The secrets of the IBM Hursley Lab
RESEARCH AND DEVELOPMENT is a big thing for IBM, and it spends around billion a year on R&D across the areas of hardware, software and the physical sciences.
Its lab in Hursley, Winchester is one of the sites where the company does some of this work, mainly working on software. Previously it was a hardware and software location, but it has transitioned away from hardware.
IBM has been at Hursley since 1958 but the site has an older link to technology because it was where the Supermarine Spitfire was developed. Now a classic modern campus site, it has 3,000 people working there.
Big Blue invited The INQUIRER to take a tour around the lab’s innovation centre, an area where IBM is working on new technologies that we might see very soon.
IBM’s Hursley lab has a lot of computational power across the whole range of IBM hardware – x series Intel based servers, p and i series mid-range servers, and z series mainframe computers. All of the hardware systems are dedicated to IBM’s business partners’ use rather than production work, at no charge.
The innovation centre also has a new datacentre area where an integrated racking solution is exhibited, a room within a room.
Brian Innes, IT specialist at IBM said, “Traditional data centres usually have literally hundreds of copper cables under the floor. The idea here is that there is nothing under the floor – all the cabling is within the rack.
“It is also an enclosed box, so all the cold air comes into the centre of the rack. It has to come through a machine to get out, but it also means we can have a much higher temperature in parts of the room than we do in the centre.
“We have more efficiency inside the cooler, if you have a higher temperature gradient.” he added.
The innovation centre has a lab working on RFID technology. Among what was being worked on was passive RFID and near contact cards, which most people would recognise as the Oyster swipe cards that Londoners use to get around the city.
But passive RFID is also being used in other areas such as on clothing in shops, in libraries for automatic check-in and check-out of books, and in tags within the supply chain. IBM is also working on active RFID, real-time tracking which can follow people through an area, detecting whether people are where they should be.
Being a software location, a lot of work is done on how software can work with RFID. One of the more impressive examples of this was a ‘Minority Report’ style demonstration where a person carrying an RFID tag in something like a badge went through an area and it switched on messages catered for them.
Obviously the applications for this are clear to see, such as advertising catered for anybody carrying a mobile phone with a particular RFID chip passing through a certain zone or shop.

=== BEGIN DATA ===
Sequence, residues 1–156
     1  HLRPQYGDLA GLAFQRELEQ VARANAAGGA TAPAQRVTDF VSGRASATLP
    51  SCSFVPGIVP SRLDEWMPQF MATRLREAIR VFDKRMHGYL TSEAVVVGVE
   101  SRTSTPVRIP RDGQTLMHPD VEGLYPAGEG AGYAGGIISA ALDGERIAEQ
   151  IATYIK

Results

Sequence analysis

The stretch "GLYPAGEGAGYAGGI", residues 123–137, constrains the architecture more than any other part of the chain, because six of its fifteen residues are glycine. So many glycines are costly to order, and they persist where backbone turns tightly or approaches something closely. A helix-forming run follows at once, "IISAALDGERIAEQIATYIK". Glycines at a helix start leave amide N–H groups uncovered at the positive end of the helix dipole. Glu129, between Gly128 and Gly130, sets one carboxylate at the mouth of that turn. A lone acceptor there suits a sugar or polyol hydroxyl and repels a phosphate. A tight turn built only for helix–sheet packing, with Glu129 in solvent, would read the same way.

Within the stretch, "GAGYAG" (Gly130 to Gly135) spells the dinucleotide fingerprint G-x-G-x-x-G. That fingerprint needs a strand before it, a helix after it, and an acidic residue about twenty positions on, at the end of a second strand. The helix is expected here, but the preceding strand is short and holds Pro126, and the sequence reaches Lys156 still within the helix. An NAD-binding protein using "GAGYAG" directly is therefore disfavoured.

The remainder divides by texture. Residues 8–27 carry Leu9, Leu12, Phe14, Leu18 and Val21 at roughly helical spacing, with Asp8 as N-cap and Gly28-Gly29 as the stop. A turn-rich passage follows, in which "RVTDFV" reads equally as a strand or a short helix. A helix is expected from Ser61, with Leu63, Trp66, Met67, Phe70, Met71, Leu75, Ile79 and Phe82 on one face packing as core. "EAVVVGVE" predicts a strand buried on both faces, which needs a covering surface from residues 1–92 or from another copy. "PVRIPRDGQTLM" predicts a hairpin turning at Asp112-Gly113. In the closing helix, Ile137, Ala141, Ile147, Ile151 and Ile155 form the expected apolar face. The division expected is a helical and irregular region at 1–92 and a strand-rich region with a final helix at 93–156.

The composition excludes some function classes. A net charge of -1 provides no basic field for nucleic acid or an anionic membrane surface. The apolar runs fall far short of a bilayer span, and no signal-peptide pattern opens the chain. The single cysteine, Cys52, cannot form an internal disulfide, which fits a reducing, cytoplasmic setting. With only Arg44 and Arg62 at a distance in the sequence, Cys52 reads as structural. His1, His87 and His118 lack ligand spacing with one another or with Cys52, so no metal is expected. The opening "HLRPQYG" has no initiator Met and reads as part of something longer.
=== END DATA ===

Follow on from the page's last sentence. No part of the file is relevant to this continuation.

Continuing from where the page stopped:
IBM is also working with analytical technology to study all the data that can be generated through this RFID environment and make sense out of it.
The innovation centre also has a retail lab, which showcased some of the technology we could see in supermarkets and shopping centres in a few years.
For example the lab was working with E Ink, the technology used in an e-book reader like the Kindle, to change prices on shop labels after being scanned from a barcode reader. LCD and dot matrix displays can also be used in the same way, although those require power.
And there were communication devices shop workers could carry that made them contactable throughout their shift, help them stock check, and also find out any price through its inbuilt barcode scanner.
The lab also ran a system that had a digital playlist with certain adverts played on a monitor. If a customer scanned a DVD with a Near Field Communication tag on the system, it would play the suitable advert on screen. This could be also done with mobile phones.
One of the most recent introductions to the innovation centre was a lab on smart meter technology, which IBM has been making a big push on thanks to the government’s increased focus on trying to get people to waste less energy.
As opposed to ‘dumb’ meters that need to be read, smart meters could be used by people to get more information about how and what energy was being used on a daily basis, and how they were being charged.
James Caffrey, researcher at IBM said, “We’ve got a couple of gas meters that are actually talking to smart meters over what we call a mesh network using technology such as ZigBee.
“We’ve also got in-home displays that the government said has to be put in. This is a way we’ve got of communicating to the consumer how much energy they are using.
“Not only in KwH and calorific values which frankly don’t mean much to the user, but in pounds and pence and 12 months of historic information. We’ve got one here which is wireless and touchscreen.”
These were the labs that showed the more developed areas of research IBM was doing at Hursley, but The INQUIRER was also informed about other work that were not quite at that stage.
These included sign language translation technology that turned spoken words into on-screen avatars, and the ‘Emotive’ headset, which picks up neurons and a molecular signal using sensors. The messages are then analysed and fed through software that can be made to carry out actions.
This could have wide-ranging applications, such as turning on lights without having to press anything, or for use by the disabled to move limbs and even walk.
The perception of IBM as a serious, business orientated company is well deserved. Of course it doesn’t have the wow factor of a consumer gadgets company like Apple, simply because of the types of technologies it focuses on.
But IBM’s technology R&D affects us, whether through retail, financial systems, or even gaming – the Wii is powered by an IBM chip after all. µ